A car is much more than a shiny new investment. Countless residents of Florida rely on their vehicles to get to school, work, and medical appointments. Our attorneys at Morgan & Morgan understand that when a new or recently purchased car turns out to be defective, it can be a major family hardship.
How Lemon Laws Protect You
Consumers are protected by Florida’s state lemon laws, which provide recourse for those who have purchased vehicles that fail to meet certain performance and quality standards. Each state generally has its own lemon law, with varying definitions of what qualifies a car as a “lemon.”
These conditions must fall within a certain period of time or mileage after the vehicle was purchased, as to not be confused with general wear-and-tear of the vehicle. For owners of new cars that are still under the manufacturer’s warranty but are experiencing problems with their vehicle, there is a federal lemon law called the Magnuson-Moss Warranty Act that can help.
In order to have a successful claim under Magnusson-Moss, a car must have:
- A substantial defect covered by the warranty that impacts the safety and use of the vehicle.
- Undergone at least 3 repairs for the same issue.
- Been unavailable to the consumer for use for 30 days due to repairs.
If a consumer’s car meets these conditions — and there have been plenty of cars that have — the consumer would then have the right to receive either a refund or replacement car from the manufacturer. If the manufacturer refuses to issue this refund or replacement, a consumer has grounds for a breach-of-warranty lawsuit under Magnuson-Moss.
What Products Are Covered?
Under Magnusson-Moss, the following new vehicles are covered:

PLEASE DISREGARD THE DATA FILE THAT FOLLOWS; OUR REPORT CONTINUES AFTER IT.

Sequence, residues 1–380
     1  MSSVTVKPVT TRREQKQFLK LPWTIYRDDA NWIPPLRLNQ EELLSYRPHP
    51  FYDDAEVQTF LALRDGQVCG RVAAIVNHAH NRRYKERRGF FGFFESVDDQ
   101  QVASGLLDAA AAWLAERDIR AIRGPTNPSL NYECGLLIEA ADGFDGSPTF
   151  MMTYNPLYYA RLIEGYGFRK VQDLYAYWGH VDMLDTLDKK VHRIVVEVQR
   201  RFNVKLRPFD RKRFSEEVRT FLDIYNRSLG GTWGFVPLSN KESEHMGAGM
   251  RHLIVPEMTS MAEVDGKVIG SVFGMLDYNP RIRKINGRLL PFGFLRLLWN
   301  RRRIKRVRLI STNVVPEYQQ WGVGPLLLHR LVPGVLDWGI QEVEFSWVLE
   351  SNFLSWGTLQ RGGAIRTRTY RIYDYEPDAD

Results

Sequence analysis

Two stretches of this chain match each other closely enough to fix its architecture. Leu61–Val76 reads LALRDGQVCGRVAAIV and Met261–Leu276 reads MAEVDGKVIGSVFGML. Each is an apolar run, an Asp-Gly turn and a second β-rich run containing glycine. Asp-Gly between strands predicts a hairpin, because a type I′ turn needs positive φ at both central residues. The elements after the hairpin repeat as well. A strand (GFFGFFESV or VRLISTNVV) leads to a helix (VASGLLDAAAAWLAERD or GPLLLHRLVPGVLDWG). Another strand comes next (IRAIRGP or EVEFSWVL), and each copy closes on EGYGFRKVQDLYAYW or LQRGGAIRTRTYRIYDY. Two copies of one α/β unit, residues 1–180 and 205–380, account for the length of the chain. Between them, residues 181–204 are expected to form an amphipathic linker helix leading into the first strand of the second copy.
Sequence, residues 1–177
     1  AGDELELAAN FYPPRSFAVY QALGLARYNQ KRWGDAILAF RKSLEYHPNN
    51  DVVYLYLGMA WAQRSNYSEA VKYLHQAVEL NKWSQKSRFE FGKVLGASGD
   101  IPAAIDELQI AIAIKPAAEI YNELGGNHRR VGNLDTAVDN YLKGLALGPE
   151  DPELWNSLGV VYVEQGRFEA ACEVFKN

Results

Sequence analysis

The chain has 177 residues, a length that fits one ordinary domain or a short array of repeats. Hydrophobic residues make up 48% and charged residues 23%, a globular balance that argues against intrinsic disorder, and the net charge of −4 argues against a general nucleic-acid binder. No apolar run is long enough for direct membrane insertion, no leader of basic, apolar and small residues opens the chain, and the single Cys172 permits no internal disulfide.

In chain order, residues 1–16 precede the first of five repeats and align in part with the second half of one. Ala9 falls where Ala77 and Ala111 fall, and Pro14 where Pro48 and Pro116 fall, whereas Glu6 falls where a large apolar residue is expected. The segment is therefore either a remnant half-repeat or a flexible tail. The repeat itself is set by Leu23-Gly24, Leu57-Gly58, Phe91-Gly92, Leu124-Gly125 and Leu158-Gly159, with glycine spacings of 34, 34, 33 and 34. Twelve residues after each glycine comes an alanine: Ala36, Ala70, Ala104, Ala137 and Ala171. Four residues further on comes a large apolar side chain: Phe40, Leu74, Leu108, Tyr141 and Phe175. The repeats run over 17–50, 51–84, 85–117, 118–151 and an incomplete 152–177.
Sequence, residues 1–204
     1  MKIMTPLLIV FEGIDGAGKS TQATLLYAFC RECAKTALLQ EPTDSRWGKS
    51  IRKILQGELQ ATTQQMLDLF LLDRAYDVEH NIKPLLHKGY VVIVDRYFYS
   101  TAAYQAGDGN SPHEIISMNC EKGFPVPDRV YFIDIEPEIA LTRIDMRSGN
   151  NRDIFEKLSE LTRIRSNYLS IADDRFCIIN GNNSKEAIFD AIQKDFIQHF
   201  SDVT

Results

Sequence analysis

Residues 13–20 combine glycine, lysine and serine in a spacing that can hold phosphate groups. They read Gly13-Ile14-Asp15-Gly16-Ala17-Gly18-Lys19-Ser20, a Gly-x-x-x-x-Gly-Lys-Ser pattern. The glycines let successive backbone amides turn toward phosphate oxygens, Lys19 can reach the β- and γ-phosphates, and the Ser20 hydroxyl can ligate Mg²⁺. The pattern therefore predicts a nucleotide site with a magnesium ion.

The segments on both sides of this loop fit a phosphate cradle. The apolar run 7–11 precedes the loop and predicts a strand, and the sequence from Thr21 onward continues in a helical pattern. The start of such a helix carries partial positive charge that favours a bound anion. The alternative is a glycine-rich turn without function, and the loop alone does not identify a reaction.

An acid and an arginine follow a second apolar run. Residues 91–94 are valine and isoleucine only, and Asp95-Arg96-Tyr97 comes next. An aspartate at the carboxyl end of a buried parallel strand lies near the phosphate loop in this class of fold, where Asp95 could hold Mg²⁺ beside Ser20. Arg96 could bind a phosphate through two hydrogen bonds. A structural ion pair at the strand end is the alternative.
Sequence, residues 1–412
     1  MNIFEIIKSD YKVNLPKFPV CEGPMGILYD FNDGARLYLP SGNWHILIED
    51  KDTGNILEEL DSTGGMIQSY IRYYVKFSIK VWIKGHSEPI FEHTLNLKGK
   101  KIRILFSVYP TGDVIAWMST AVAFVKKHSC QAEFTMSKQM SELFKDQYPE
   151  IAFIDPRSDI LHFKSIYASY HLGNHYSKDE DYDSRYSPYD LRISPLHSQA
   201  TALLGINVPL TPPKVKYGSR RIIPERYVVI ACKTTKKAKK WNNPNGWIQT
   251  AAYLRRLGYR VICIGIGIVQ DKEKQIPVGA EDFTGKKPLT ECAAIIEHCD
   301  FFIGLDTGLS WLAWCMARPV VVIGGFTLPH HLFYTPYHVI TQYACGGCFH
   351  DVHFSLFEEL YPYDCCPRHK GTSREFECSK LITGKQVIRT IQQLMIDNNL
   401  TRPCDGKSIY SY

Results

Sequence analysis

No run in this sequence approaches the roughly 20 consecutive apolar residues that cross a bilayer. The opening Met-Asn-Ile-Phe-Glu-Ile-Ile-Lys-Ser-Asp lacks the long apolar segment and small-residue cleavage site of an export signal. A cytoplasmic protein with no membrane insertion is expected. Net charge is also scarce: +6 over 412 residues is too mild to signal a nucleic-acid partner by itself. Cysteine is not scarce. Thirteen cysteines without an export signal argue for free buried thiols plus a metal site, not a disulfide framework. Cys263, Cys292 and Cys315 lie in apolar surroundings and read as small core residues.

How Long Do I Have to File a Claim?
Magnusson-Moss suits do not have a statute of limitations for filing a claim, however some states might choose to impose their own on Magnusson-Moss lawsuits filed in state courts. It is best to act as soon as you can, though, in order to help ensure you have the most prepared case possible.
How Do I File a Claim?
After three failed repairs, or 30 days of being unable to use your vehicle due to repairs, the manufacturer must be given written notice of their last chance to fix your vehicle. If, after this final repair attempt, the vehicle still has a defect that disallows safe use, you can make a claim.
What Can I Collect in a Lawsuit?
A consumer can collect a refund or replacement vehicle if their suit is successful. Consumers may also receive additional compensation for certain expenses incurred. In addition to this compensation, the manufacturer will also be responsible for covering the consumer’s attorney and court fees.
Talk to an Attorney Today
If you are experiencing problems with a vehicle that is still under the manufacturer’s warranty, fill out a no-risk, free case evaluation today. We’re here to help.